The midpoint of non-GAAP revenue ($3.35 billion) compares to non-GAAP revenue of $3.15 billion in FY20 or an estimated increase of 6.4% yoy.
The midpoint of non-GAAP EPS ($2.35/share) compares to non-GAPP EPS of $2.23/share in FY20 or an estimated increase of 5.4% yoy.
Note the 254 million shares outstanding would be up slightly from the average 253.5 million fully share count at the end of Q4.
That brings up a good point: despite Trimble's $81.6 million in share buybacks during FY2020, it ended the year with only ~600,000 less shares than it started the year with. And while the company reported it still had $90.7 million left on the current buyback authorization as of the end of Q4, clearly, the company's guidance for this year does not expect those buybacks to actually reduce the overall share count as stock-based compensation will dominate over the buybacks.
As can be seen by the company's own guidance, the FY21 revenue and earnings growth rates are not that compelling for what an investor might typically expect from a growth company and a #1 holding in an ARK ETF.
TRMB's estimated 1.6x net debt to EBITDA ratio is reasonable and it is likely the company will use FY21 free cash flow to pay down debt but also watch for potential and strategic M&A activity.
The Democrats could have trouble pushing President Biden's AJP through Congress. It may rest on the shoulders of West Virginia Senator (D) Joe Manchin, who has already said the bill's proposed corporate tax rates needs to change to 25%. The AJP will likely need a YES vote from all Democratic Senators as, just like the American Rescue Plan, it is doubtful any Republican Senator will vote for it regardless of any changes and regardless of the fact that ~80% of Americans support the infrastructure bill.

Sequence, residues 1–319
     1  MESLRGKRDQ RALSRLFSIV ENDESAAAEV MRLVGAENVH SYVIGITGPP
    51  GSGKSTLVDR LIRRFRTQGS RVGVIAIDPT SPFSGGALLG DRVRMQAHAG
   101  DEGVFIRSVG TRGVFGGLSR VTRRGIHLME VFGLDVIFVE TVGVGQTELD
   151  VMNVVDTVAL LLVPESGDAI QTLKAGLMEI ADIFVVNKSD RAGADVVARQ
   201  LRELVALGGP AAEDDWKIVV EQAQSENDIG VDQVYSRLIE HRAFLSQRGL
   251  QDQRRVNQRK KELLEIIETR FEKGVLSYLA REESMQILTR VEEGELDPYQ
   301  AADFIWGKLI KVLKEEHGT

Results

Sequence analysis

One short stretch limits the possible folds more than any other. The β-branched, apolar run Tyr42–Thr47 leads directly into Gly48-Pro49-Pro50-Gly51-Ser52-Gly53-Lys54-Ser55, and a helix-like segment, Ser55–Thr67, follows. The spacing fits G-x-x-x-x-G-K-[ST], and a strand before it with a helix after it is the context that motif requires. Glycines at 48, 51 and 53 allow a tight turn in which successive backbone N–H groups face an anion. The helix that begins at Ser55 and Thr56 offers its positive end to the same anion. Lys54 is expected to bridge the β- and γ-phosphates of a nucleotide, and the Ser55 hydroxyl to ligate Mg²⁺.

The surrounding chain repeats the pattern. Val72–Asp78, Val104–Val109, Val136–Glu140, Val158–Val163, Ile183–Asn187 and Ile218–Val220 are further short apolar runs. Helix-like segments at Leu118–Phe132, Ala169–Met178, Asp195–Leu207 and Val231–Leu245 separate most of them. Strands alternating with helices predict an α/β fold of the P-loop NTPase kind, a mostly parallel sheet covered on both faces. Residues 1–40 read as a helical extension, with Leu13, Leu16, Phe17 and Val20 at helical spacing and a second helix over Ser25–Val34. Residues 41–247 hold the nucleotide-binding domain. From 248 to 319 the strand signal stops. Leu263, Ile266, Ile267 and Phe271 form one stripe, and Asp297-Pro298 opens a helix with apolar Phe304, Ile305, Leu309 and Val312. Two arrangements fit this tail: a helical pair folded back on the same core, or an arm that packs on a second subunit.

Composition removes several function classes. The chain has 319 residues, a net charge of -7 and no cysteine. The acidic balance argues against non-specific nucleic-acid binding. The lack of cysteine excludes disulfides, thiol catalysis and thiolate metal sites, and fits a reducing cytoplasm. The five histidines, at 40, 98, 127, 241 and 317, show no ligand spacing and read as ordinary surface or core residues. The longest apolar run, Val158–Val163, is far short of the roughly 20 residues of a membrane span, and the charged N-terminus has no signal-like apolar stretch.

Source: Navigator Research
Summary & Conclusion
Trimble's FY21 financial guidance seems on the low-end of what a typical investor might expect for a company sporting a forward P/E=34x. However, as we have seen from Cathie Wood's favorite picks, like Tesla (TSLA), she prefers to invest for the long term and in disruptive companies. She has said many times one of the criteria ARK uses for investing in disruptive companies is an expectation of a 15% CAGR - implying a doubling of the company's size (and hopefully the stock price) every five years. Trimble likely won't meet the 15% growth rate expectations in FY21, but I wouldn't count the company out in FY22-25. That said, given Trimble's recent stock price gains (see chart below) and FY21 guidance, I rate the stock a HOLD and would look for a better entry point for new investors - something around $65/share would be attractive to me. At that price, the non-GAAP P/E would be estimated 28x based on the midpoint of the company's FY21 guidance.